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High Quality Penstemon For Sale

The Plant Company is New Zealand’s number one supplier of plants and garden accessories – we’re here to help you breathe life into your dream garden. We have the best Penstemon for sale, a fantastic range, and we can ship them to you fast! Browse our range of New Zealand-grown plants for sale and add some of our amazing gems to your garden.

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New Zealand’s Best Penstemon Plants

Adding colourful perennials to your garden delivers a vast range of benefits:

We have the largest variety of Beard Tongue plants and the right one for your space. These have been selected to thrive in NZ’s climate. We grow and stock only the highest quality plants, sourcing them locally, and from NZ’s leading nurseries. Each plant is packed and transported with extreme care, ensuring it arrives to you in the same condition it was in when it left the nursery. If you are wanting to buy Penstemons, shop with confidence from the best in the industry.

Common questions about growing Penstemons

1. What is the easiest penstemon to grow?

There are many easy-to-grow penstemons, but here are a few of the most popular and reliable varieties:

These penstemons are all easy to grow and care for. They are tolerant of drought and heat, and they can thrive in a variety of soils. All they need is a sunny spot and well-drained soil.

2. Where do penstemons grow best?

Penstemons are a diverse group of flowering plants that native to North America, Mexico, and South America. They are found in a variety of habitats, including meadows, forests, mountains, and deserts. In general, penstemons prefer well-drained, sandy or gravelly soil with full sun to part shade. They are also tolerant of drought and heat.

Penstemons can be found in a variety of habitats, including:

3. What growing conditions do Penstemons prefer?

With proper care, penstemons will reward you with beautiful blooms for many years to come.

4. Is penstemon the same as foxglove?

No, penstemon is not the same as foxglove. They are both flowering plants with tubular blooms that attract pollinators, but they belong to different genera within the same family. Here's a brief overview of their key distinctions:



While they share some similarities in appearance and pollination preferences, penstemon and foxglove are distinct genera with notable differences in their flower structure, leaf arrangement, geographic distribution, and toxicity levels.

5. What is foxglove often mistaken for?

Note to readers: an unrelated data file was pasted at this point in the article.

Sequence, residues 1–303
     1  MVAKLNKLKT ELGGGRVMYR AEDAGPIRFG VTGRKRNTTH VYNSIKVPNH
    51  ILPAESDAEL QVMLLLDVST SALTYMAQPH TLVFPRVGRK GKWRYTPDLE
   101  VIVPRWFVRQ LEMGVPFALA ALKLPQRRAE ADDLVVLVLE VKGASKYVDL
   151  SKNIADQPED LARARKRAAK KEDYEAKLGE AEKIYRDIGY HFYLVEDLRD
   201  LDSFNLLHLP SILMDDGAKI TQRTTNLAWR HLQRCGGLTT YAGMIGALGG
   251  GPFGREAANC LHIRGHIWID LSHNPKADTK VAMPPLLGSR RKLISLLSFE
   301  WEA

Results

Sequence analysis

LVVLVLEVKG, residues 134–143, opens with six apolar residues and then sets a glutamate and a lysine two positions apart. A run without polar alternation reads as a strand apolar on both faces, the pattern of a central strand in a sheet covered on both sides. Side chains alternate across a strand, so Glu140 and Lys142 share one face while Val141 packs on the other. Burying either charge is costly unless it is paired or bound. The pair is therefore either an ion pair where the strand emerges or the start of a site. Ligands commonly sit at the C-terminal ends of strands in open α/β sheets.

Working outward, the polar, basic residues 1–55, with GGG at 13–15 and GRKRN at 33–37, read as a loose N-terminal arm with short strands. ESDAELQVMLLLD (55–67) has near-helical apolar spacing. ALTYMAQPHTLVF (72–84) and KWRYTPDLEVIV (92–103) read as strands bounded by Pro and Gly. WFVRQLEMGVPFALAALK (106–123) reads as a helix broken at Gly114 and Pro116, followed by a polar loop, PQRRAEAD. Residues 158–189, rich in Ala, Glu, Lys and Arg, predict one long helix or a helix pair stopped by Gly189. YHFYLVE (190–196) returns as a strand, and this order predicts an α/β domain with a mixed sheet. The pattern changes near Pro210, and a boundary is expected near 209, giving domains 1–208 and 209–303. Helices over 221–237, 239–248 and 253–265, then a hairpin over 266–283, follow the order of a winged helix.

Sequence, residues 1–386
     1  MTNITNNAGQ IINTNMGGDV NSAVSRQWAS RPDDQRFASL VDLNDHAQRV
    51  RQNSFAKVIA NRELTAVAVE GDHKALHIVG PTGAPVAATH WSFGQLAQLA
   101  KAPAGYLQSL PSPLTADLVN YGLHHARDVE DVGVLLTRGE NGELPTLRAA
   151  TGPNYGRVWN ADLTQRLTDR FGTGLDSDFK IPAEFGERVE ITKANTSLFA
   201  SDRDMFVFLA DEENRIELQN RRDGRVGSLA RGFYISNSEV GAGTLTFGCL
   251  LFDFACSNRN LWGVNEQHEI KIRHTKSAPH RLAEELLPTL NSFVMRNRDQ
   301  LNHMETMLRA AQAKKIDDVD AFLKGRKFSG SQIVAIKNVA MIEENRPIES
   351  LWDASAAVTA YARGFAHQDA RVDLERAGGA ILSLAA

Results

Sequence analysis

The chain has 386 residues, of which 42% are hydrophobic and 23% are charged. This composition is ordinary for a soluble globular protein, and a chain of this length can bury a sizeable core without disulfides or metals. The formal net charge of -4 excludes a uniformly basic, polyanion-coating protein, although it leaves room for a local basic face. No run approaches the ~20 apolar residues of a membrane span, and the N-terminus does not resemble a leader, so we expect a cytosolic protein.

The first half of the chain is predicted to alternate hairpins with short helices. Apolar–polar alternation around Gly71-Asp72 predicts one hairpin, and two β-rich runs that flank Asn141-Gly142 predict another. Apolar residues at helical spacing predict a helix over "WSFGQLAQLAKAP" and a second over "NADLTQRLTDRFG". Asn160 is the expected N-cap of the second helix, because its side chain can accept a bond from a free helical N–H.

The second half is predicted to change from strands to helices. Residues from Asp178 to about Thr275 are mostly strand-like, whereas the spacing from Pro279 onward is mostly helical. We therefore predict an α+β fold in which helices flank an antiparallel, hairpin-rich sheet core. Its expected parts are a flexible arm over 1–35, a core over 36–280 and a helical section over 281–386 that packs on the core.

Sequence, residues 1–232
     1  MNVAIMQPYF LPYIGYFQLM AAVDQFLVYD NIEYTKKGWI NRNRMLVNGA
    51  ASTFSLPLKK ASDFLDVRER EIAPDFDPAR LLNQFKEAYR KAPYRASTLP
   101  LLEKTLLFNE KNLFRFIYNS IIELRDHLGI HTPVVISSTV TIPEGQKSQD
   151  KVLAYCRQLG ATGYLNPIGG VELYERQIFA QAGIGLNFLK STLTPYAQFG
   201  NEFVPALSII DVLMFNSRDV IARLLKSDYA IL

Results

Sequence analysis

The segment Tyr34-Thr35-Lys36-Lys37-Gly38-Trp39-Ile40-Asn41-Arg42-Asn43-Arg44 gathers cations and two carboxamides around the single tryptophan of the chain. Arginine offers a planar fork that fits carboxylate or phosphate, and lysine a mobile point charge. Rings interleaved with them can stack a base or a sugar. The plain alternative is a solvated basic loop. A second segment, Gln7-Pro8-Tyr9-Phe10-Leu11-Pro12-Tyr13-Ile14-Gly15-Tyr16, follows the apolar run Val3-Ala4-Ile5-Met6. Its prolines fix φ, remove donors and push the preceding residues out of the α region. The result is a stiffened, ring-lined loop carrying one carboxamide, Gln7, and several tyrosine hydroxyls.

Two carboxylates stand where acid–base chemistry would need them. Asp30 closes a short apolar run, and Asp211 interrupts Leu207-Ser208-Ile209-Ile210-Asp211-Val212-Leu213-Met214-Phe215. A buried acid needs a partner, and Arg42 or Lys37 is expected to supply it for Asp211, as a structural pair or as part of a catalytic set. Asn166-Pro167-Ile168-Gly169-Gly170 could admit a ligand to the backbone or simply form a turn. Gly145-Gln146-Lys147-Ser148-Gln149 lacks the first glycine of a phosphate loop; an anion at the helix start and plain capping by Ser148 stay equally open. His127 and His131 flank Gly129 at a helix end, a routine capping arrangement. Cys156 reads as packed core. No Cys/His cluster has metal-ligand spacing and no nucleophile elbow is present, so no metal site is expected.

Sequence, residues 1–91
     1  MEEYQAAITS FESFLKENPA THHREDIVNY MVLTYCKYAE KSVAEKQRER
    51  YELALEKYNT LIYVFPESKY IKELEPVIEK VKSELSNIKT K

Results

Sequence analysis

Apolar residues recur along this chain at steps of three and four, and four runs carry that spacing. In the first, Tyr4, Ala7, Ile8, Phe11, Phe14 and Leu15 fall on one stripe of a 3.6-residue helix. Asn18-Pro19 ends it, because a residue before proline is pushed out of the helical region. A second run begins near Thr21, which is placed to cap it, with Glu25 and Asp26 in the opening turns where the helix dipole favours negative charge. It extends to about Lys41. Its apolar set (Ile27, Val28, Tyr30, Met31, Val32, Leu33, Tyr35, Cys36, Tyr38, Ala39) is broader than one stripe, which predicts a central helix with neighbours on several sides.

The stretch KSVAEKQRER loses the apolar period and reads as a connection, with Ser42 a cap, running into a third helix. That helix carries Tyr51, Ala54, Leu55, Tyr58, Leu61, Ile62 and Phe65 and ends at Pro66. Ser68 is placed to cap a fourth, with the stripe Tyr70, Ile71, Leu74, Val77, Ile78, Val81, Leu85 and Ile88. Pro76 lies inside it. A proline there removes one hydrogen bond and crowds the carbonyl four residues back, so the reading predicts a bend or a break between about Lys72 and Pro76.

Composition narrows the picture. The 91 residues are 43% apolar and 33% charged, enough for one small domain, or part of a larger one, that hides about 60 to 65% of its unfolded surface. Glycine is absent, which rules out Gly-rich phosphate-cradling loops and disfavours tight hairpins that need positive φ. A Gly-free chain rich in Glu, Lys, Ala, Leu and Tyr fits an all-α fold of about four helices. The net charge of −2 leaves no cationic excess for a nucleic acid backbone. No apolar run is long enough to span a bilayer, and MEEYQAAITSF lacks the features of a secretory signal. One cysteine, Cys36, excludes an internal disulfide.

Foxglove is often mistaken for other plants due to its similar appearance, particularly its tubular flowers and hairy leaves. Here are some common plants that are mistaken for foxglove:

  1. Borage: Borage (Borago officinalis) is a culinary herb with blue or purple flowers that resemble foxglove blooms. However, borage leaves are rough and bristly, while foxglove leaves are soft and velvety.
  2. Comfrey: Comfrey (Symphytum officinale) is a medicinal plant with blue or purple flowers that also resemble foxglove. However, comfrey leaves are lanceolate and have a distinct veined pattern, while foxglove leaves are ovate and have a less pronounced venation.
  3. Lords and Ladies: Lords and Ladies (Arum maculatum) is a poisonous plant with spathe-like flowers that can be mistaken for foxglove blooms. However, Lords and Ladies leaves are arrowhead-shaped and have a glossy surface, while foxglove leaves are ovate and have a velvety texture.
  4. Lungwort: Lungwort (Pulmonaria officinalis) is a flowering plant with purple or pink spots on its leaves, which can resemble foxglove's spotted leaves. However, lungwort leaves are more rounded and have a distinct veined pattern, while foxglove leaves are ovate and have a less pronounced venation.
  5. Dead Man's Fingers: Dead Man's Fingers (Oenanthe crocata) is a highly poisonous plant with roots and stems that resemble parsnips, and its leaves can also be mistaken for foxglove's. However, Dead Man's Fingers leaves have a distinct parsley-like aroma, while foxglove leaves have a mild, earthy scent.

It's crucial to carefully examine the leaves and flowers of any suspected foxglove plant to avoid misidentification. If you're unsure, it's best to err on the side of caution and avoid touching or consuming the plant.

Contact us

Whether you need assistance finding the plant you’re looking for or you simply want to know more about who we are and what we do, we invite you to get in touch with us today. A member of The Plant Company team will get back in touch as soon as possible.

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